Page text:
HalalTrip resumes meaningful tours, with the first to Uzbekistan

After putting its Productive Muslim Retreats on pause because of Covid-19, HalalTrip will conduct its first post-lockdown programme this May, with more in the pipeline for the rest of the year.

The May tour will head to Uzbekistan for a week, where participants will be joined by personal development coach Mohammed Faris, founder and CEO of The Productive Muslim Company, and historian Hassam Munir, founder of iHistory.

The Productive Muslim Retreat to Uzbekistan will visit iconic cities and sites rich in Muslim heritage; Mausoleum of Ismail Samani pictured

While trekking through and learning about the iconic cities of Tashkent, Samarkand and Bukhara, participants will also connect with other like-minded Muslims and discover what it means to live a meaningful life.

The tour, which offers 40 seats, was sold out by March 1. It attracted more than 200 applicants from around the world within a month of advertisement.

Fazal Bahardeen, CEO of CrescentRating & HalalTrip, told TTG Asia: “This is the way forward for (post-lockdown) tourism. There will always be people who want to travel for shopping, dining and fun, but there is also a growing segment that wants travel to be meaningful.

“Our first attempt to resume travel services shows that huge appetite for meaningful travel. And this is despite us pricing the tour higher than your usual Uzbekistan tour, only because we have to pay for the specialists who will be leading the programme and the itinerary is not your usual tour.”

The Productive Muslim Retreat to Uzbekistan continues from HalalTrip’s pre-pandemic programmes, which were conducted in Bintan, Indonesia. They were also led by Mohammed Faris, and attracted participants from all over the world.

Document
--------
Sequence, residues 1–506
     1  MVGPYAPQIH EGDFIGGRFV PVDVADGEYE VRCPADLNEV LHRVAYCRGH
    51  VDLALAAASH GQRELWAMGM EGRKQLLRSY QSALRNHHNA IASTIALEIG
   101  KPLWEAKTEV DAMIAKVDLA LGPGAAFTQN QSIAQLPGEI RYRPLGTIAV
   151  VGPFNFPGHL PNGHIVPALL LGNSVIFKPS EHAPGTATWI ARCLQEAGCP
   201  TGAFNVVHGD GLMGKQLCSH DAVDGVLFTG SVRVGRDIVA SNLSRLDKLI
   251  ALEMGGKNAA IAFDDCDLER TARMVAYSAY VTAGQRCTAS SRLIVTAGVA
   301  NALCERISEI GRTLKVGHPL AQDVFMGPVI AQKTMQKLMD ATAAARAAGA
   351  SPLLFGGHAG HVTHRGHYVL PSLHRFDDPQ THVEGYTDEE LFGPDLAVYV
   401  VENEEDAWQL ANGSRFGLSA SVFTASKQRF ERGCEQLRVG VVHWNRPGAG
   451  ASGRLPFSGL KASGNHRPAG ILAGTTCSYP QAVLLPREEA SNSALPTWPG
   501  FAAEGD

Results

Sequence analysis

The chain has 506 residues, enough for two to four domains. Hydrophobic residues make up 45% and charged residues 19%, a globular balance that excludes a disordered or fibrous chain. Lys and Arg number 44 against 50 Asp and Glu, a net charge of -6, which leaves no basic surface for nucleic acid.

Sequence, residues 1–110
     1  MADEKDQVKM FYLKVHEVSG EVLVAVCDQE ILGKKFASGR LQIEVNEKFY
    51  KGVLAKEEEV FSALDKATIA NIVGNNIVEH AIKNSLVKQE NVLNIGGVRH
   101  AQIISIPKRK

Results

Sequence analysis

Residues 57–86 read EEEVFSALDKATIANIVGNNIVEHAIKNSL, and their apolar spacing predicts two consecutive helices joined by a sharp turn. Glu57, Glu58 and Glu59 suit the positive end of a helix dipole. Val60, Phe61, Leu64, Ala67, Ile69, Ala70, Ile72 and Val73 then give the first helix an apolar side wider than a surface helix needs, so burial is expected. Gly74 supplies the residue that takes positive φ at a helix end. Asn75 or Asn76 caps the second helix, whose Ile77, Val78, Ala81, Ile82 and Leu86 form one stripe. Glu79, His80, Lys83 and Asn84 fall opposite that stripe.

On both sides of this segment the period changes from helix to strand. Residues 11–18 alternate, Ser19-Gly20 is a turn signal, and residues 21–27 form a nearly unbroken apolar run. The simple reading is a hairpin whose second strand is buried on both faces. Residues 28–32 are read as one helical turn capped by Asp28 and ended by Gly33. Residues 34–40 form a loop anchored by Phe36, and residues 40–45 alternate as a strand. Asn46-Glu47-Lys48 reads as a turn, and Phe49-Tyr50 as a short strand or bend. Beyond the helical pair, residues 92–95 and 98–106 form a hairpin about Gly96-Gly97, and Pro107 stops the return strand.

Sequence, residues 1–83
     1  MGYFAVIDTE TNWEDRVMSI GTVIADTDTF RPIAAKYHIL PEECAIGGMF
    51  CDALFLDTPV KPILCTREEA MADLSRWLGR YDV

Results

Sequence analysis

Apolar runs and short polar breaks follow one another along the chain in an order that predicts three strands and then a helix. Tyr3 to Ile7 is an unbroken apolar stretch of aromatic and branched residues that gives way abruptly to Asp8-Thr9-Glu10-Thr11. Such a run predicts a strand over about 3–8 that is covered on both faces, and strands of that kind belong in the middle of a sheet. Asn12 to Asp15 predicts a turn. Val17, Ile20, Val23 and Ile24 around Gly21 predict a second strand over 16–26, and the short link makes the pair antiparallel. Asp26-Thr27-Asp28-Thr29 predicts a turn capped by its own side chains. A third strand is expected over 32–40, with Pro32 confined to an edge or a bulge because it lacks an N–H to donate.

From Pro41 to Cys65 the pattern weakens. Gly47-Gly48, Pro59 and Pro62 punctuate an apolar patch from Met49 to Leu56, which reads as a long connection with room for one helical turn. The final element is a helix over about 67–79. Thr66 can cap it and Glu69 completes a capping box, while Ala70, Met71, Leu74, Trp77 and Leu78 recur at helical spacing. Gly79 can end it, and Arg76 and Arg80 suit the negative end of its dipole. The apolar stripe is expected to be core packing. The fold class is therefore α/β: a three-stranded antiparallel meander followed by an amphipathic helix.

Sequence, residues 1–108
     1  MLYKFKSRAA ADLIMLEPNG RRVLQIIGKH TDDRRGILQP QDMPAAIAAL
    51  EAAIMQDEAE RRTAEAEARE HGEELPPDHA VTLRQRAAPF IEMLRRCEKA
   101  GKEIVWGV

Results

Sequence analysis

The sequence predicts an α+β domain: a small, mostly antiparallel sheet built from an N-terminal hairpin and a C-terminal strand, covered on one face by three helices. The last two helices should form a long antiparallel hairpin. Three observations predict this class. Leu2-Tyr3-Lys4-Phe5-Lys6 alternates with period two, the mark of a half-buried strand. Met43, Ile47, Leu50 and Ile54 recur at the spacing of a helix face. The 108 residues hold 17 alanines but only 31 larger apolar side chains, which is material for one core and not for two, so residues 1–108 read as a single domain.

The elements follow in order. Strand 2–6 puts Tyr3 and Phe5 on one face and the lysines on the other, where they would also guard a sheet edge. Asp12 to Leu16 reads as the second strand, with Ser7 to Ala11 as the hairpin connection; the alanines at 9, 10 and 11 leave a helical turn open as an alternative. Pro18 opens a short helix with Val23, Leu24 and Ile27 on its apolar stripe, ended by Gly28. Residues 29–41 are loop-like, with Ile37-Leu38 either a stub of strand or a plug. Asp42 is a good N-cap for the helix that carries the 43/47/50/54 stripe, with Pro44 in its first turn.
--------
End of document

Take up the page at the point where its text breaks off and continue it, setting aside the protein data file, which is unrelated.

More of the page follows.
“We wanted the retreats going forward to be different, to be more than participants attending workshops in a destination and staying in a single place,” he said.

“Uzbekistan has such a rich Muslim history. With a regular tour guide, participants may not hear of detailed backstories of the cities. That is why we brought in a historian familiar with Uzbekistan.”

Fazal said the Uzbekistan retreat saw a quicker take-up than earlier editions in Bintan.

“There are probably a few reasons for that intense demand. People are fed up with staying home; the destination is really popular right now; more people are now familiar with our Productive Muslim Retreats and want to be part of it; and lastly, the programme satisfies the desire for meaningful travel,” he said.

HalalTrip intends to conduct more Productive Muslim Retreats to Uzbekistan to cater to customers who failed to join the inaugural programme.

Fazal hopes to soon develop HalalTrip’s own portfolio of meaningful tours to other destinations, such as Bosnia, where participants could help to build houses or teach children in school.

“There is huge interest in travel with opportunities to do something for the local community,” he said.

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